iStock
iStock

10 Effortless Uses for Yesterday's News (and 1 Challenge)

iStock
iStock

The printed newspaper industry may be on the decline, but even in the age of widespread digital news, newspapers can still play a vital role. Flipping through the Sunday paper may not be an essential weekend activity for you, but here are 10 things newspapers can be used for after their contents are old news. 

1. Shoe freshener 

Get rid of bad smells around the house with crumpled up newspapers. You can stick them in smelly shoes, drawers, cabinets, refrigerators, or anywhere else where they can soak up moisture as well as the ensuing odor. 

2. Wrapping paper

Just like aluminum foil, newspapers can come in handy as a last-minute gift wrap. Might we suggest using the comics section?  

3. Disposable broom

When sweeping up cobwebs (or cat hair, for that matter), cleaning the broom becomes as much of a chore as the sweeping. Gross tendrils of dusty spider silk get stuck in the fibers of the broom. Instead, use a rolled-up newspaper with the ends frayed, so that you can toss it out with the cobwebs once you’re done. The same rationale goes for using a newspaper baton to kill house flies/terrifying spiders (yes, spiders are awesome and important, but we’ll be the first to admit they inspire irrational terror).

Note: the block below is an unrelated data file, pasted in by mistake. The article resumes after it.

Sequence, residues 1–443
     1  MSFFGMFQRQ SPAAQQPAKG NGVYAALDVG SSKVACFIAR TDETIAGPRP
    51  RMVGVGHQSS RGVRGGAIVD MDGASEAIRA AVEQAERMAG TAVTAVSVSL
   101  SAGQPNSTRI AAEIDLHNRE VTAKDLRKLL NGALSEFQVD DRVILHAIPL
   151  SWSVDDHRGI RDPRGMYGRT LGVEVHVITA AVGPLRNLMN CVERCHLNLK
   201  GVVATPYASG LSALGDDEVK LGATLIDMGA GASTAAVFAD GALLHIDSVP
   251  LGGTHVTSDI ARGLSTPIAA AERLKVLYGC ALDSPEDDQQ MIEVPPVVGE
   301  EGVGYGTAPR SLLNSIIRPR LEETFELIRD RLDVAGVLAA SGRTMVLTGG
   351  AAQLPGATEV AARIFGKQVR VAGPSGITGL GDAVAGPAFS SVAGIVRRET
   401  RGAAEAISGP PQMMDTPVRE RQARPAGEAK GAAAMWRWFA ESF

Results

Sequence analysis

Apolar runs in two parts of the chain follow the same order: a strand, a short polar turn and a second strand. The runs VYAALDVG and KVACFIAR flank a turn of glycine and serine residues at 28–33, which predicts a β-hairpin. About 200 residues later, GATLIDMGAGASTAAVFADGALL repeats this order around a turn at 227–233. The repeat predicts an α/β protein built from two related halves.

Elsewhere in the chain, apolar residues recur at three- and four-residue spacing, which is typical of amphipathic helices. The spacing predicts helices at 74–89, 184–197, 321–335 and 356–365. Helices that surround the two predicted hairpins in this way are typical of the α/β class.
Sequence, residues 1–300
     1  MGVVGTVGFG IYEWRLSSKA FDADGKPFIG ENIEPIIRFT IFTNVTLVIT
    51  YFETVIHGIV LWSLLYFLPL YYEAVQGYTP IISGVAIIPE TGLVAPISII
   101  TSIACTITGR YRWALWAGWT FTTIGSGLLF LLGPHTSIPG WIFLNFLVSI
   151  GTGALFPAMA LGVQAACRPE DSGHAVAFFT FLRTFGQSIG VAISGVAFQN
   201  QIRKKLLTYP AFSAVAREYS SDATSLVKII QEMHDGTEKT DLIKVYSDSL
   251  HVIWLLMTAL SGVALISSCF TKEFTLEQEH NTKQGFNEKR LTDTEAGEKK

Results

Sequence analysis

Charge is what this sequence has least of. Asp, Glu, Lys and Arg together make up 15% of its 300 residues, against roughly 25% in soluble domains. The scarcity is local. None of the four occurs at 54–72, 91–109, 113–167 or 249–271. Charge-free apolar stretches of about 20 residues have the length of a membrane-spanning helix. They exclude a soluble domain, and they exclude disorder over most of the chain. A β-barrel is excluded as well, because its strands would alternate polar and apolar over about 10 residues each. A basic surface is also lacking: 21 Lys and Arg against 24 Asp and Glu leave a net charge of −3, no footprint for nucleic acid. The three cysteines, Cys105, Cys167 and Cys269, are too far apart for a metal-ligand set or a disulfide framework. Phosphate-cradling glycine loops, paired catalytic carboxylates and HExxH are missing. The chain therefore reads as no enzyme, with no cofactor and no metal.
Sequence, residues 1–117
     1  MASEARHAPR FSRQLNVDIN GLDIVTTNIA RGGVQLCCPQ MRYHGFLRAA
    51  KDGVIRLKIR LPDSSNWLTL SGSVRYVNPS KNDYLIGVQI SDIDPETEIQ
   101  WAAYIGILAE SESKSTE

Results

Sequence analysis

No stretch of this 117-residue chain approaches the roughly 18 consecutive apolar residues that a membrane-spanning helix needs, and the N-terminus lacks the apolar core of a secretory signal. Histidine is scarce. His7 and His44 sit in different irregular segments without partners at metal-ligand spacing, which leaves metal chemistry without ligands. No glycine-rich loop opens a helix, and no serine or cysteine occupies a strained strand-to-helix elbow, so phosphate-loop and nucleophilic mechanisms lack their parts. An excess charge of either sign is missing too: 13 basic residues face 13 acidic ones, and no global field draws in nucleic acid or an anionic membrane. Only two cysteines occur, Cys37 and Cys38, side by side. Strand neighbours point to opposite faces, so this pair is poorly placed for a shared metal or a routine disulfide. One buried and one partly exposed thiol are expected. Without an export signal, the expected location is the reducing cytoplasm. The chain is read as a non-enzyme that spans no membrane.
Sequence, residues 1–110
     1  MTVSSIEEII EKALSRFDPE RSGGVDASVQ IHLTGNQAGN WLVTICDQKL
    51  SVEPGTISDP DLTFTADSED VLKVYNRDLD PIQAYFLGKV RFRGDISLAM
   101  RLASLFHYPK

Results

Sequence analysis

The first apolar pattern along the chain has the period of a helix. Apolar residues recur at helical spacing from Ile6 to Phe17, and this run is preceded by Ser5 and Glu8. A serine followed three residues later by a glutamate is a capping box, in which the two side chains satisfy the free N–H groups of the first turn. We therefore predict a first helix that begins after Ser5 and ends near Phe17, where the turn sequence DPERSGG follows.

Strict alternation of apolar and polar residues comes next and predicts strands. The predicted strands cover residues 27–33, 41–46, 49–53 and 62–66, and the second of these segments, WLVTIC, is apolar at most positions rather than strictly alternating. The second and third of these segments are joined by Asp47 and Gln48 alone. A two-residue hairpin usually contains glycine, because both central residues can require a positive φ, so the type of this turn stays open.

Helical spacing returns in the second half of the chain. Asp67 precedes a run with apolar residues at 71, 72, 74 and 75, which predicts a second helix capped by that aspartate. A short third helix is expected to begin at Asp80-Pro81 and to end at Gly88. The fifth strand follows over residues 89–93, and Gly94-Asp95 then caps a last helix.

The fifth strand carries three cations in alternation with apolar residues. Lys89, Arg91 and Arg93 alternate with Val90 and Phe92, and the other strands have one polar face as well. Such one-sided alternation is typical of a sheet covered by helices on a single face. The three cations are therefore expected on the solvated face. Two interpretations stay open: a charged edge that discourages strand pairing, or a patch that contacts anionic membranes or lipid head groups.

4. Cushioning material

Instead of using packing peanuts, you can pack with Peanuts. Crumple it up to keep the box’s contents from sliding around, without having to use precious bubble wrap. Warning: Just like it stains your fingers, newspaper print can come off on whatever you wrap with it, so don’t use it to protect your best white china. 

5. Fruit ripener 

Place a layer of newspaper over your unripe fruit to get it to that delicious stage just a bit faster. The paper traps ethylene, the gas that stimulates ripening. It’ll speed up the process for tomatoes, pears, avocados, and any other ethylene-producing food.